Spring was becoming summer in such a way that it was difficult to tell which was in charge. Every other day, dark clouds rolled over the skies of our ranch bringing with them the storms that I so dearly loved. I was twenty years old at the time, living with my mother on the land my father had used to provide us with a living. The beef market had been good to us, and though my father had died two years previous, my mother and I were comfortable. We still had several horses which we bread and sold, but it was comparitivly small business.
My mother was a dear woman in her mid fifties, her hair going from red to white and her skin showing the signs of hard work and age. Her blue eyes were fading as well, making it difficult for her to read her favorite books, and so I would read them to her. She had attended a university in the east, my mother, and it was her wish that I do the same and so I had for four years, finishing at the age of nineteen, having studied philosophy and business.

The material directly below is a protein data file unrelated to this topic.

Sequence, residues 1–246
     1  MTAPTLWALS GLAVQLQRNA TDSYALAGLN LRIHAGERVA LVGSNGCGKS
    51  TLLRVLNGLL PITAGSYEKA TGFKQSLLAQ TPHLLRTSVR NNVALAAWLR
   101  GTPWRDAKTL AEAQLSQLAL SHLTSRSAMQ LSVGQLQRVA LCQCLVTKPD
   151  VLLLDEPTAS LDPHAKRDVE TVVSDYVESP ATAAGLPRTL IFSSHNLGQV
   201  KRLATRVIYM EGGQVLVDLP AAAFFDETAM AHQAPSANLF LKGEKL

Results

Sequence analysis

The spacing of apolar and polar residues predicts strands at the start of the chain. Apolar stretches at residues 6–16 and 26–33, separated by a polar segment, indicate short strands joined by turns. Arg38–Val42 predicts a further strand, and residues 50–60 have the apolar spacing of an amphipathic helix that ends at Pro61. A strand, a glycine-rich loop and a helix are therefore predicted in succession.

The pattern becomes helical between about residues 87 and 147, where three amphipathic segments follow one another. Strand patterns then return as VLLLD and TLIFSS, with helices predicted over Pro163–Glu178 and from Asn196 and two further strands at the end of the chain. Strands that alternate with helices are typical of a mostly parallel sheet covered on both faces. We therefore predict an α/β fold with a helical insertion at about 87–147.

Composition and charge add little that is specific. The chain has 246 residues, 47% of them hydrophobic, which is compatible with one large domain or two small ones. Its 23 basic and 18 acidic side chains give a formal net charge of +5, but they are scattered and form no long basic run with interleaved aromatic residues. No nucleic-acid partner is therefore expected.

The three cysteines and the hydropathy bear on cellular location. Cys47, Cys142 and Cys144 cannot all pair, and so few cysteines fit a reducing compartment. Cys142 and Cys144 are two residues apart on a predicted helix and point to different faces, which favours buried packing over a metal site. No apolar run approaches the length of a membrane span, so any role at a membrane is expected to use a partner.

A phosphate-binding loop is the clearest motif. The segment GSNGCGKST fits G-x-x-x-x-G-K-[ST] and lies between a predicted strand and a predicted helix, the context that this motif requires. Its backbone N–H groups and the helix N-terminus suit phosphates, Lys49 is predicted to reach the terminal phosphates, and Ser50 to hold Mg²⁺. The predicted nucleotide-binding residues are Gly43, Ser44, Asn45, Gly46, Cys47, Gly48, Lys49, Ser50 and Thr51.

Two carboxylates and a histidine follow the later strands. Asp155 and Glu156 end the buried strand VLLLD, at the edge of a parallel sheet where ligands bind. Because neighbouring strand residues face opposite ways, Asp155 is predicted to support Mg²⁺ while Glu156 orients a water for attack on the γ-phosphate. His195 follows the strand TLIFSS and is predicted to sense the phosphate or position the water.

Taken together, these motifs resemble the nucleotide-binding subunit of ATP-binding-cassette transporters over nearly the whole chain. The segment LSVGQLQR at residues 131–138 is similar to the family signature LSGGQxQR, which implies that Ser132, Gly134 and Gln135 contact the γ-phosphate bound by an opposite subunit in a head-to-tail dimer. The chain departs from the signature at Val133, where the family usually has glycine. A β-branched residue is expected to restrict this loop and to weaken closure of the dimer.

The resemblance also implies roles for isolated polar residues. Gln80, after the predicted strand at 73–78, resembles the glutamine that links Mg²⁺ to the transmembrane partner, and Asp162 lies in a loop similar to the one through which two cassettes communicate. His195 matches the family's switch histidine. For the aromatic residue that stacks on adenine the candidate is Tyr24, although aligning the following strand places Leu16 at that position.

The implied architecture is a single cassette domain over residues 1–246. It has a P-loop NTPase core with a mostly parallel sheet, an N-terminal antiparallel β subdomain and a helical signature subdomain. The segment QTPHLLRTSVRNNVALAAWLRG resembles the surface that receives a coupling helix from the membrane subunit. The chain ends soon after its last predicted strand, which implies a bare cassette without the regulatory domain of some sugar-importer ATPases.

But it was at home that I was happiest.
On those days when the storms came, I would sit on the bench swing of our roofed porch and shiver in excitement as the storm displayed its power and magnificence all around me. Mother used to call me in from such occasions when I was smaller, but by the time I was twenty, she would wrap in her favorite quilt and sit next to me.
“Ah my little storm seeker,” she’d say to me. She’d called me that whenever I sat and marveled at a storm since the age of three. “You’re as wild and free as nature herself.” We’d smile at each other and watch the storm.
It was that summer when Mrs. Benigan and her daughter arrived. Mrs. Benigan was an old friend of mother’s who had fallen on hard times. Mother had offered Mrs. Benigan a home at our place and she had accepted. Mrs. Benigan was as friendly as my mother, and I liked her a great deal. She had read Kant and Socrates and we enjoyed many the debate. But that was all later as I got to know her better. Mrs. Benigan’s daughter, Mara, I had a very different relationship with.